Here’s to You, Joe DiMaggio, Where Have You Gone?

November 25 would be Joe DiMaggio’s ninety-seventh birthday. Such occasions are often celebrated with newspaper columns and commemorative events, but, strange as it may seem, in Jerome Charyn’s biography of the famous baseball player, DiMaggio’s birth is barely mentioned. Instead, in  Joe DiMaggio: The Long Vigil, from Yale University Press’s Icons of America Series, Charyn focuses his attentions on the birth of the Jolter, the Slugger, the Yankee Clipper—the player who was “the first saint of baseball when baseball itself was a religion.”

The particular language Charyn uses is not incidental. DiMaggio lived a life defined by religious devotion—from his fans, for his sport, and for Marilyn Monroe, whom he would have married twice had she not died days before their second wedding, and to whose grave he sent half a dozen red roses three times a week until the day he died.

That day was March 8, 1999, when, amidst what the New York Times appropriately called “a national vigil” for the former Yankees player, DiMaggio’s health failed him. Yet in some ways, Charyn suggests, just as DiMaggio was not born until he took to the outfield, the Yankee Clipper America loved had already died long before 1999, with the his baseball career and with the love of his life.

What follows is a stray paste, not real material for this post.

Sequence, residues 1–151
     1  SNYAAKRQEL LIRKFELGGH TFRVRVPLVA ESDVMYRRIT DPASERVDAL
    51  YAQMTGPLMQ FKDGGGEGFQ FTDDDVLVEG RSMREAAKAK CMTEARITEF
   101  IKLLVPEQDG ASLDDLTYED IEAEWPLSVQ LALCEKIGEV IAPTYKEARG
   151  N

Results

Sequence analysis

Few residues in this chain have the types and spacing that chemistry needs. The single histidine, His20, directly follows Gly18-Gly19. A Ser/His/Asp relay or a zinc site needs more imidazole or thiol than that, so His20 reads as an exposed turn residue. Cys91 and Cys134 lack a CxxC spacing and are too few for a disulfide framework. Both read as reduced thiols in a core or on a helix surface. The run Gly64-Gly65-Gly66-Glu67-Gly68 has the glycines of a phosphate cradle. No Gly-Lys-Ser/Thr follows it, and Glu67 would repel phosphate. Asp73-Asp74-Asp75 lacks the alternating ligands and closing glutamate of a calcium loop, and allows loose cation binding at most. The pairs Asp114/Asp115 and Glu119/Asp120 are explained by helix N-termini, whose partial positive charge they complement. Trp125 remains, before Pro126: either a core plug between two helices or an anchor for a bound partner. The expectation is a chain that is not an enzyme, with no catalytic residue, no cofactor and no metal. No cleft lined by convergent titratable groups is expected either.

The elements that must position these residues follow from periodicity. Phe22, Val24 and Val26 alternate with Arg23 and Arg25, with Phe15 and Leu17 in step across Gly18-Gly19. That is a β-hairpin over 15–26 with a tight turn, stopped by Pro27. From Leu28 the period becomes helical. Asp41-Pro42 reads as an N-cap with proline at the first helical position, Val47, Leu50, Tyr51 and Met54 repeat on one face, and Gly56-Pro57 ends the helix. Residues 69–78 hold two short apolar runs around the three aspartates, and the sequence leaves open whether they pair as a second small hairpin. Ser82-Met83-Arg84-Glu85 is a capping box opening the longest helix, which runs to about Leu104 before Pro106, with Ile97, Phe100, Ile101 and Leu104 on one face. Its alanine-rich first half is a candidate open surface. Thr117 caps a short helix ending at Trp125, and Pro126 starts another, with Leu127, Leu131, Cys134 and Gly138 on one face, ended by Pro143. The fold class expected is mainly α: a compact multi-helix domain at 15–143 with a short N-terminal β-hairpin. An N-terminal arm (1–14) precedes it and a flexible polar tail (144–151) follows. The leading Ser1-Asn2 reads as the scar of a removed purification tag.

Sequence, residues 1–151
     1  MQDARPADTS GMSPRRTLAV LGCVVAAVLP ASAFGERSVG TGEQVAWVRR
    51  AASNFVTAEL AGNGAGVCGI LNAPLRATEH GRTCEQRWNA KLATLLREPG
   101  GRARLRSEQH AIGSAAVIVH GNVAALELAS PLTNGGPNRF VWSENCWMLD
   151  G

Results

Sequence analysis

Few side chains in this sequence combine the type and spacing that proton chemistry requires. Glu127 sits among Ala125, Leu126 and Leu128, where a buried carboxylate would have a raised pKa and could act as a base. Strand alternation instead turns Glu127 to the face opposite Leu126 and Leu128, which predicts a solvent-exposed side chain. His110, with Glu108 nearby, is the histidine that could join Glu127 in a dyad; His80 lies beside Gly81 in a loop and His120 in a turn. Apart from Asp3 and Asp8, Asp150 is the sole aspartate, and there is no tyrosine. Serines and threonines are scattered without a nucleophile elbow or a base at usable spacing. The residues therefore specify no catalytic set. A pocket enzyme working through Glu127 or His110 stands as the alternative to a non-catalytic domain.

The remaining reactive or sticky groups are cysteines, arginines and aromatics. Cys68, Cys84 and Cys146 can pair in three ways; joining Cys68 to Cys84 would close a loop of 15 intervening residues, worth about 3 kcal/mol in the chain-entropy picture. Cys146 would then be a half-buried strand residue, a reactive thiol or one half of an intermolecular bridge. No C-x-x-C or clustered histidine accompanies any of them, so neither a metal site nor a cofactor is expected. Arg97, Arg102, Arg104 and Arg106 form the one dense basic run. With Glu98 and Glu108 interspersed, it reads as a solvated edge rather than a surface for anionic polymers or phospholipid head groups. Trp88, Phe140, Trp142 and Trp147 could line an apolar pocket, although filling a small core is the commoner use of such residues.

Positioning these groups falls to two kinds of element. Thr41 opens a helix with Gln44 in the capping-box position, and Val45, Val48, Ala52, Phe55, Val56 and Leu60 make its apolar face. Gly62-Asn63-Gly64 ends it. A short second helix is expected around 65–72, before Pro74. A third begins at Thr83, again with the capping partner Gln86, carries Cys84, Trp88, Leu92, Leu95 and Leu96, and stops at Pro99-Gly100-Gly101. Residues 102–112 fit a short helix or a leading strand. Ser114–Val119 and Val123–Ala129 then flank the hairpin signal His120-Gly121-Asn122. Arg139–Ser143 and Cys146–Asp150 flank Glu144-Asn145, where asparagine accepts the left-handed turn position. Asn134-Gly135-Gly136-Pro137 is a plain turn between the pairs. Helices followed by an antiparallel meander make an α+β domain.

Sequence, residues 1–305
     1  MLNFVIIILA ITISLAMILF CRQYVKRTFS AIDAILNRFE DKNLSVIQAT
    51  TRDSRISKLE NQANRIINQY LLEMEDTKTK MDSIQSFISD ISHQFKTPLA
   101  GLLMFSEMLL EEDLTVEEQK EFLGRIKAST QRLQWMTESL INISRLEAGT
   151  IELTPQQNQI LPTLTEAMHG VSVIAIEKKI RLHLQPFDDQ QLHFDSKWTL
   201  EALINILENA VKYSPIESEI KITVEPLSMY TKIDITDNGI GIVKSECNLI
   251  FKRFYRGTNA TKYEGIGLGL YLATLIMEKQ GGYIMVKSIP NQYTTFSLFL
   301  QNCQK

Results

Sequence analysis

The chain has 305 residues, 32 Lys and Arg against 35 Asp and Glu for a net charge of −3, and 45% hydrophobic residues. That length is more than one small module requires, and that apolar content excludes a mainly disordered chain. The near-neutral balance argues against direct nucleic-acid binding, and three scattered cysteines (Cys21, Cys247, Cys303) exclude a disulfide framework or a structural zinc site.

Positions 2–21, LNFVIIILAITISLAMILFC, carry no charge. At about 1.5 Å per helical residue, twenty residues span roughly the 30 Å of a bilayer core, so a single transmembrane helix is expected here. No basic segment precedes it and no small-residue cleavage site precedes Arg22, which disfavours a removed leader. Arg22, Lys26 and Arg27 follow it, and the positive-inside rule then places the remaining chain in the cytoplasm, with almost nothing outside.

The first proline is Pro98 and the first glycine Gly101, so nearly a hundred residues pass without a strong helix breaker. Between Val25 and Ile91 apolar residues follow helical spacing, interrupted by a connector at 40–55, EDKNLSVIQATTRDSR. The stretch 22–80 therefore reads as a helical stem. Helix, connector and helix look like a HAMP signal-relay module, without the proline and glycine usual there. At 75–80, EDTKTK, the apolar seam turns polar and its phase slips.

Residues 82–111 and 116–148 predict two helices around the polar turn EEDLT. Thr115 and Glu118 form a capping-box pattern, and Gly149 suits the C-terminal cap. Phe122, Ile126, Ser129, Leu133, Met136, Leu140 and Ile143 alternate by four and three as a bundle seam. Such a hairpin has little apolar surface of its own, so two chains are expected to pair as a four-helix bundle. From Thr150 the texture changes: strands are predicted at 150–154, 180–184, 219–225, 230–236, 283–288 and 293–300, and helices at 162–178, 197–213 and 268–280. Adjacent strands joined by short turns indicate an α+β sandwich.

In the opening lines of the biography, Charyn quotes Paul Simon, whose song “Mrs. Robinson” had famously asked “Where have you gone, Joe DiMaggio?” in 1967, more than thirty years before the baseball legend would be laid to rest. DiMaggio’s later years were defined by Mr. Coffee commercials and memorabilia sales that seemed like minutiae in comparison to the huge figure he had cut on the field and in the press, for whom his legendary 56-game streak and his dates with Monroe were predictably front-page news.

While recent DiMaggio biographies have portrayed him as cruel or violent, intent on exposing the deeply flawed man behind the legend, for Charyn, DiMaggio is a tragic figure but not a villain. Though he yelled at Monroe and eventually beat her, DiMaggio was also the man who obtained her release from the psychiatric ward she was sent to after her break-up with Arthur Miller. He followed her, waiting for her outside of Frank Sinatra’s compound, but Charyn sees him not as a stalker, but as “a quiet cavalier,” watching over her in a place where she was being knocked around by Sinatra and the Kennedys.

In Charyn’s portrayal, DiMaggio’s triumph and his tragedy were inexorably linked: he was a great player, but “an idiot savant” who had no language beyond baseball, a devoted lover, but one who couldn’t understand that Monroe would never give up the films and the fame to sit in front of the TV with him.  Charyn tells his story with a novelistic elegance that captures the magic of the DiMaggio legend, of a character who has obtained an “almost fictional” status in American culture, a kind of real superhero whose grace on the field could never be matched by his life off of it.

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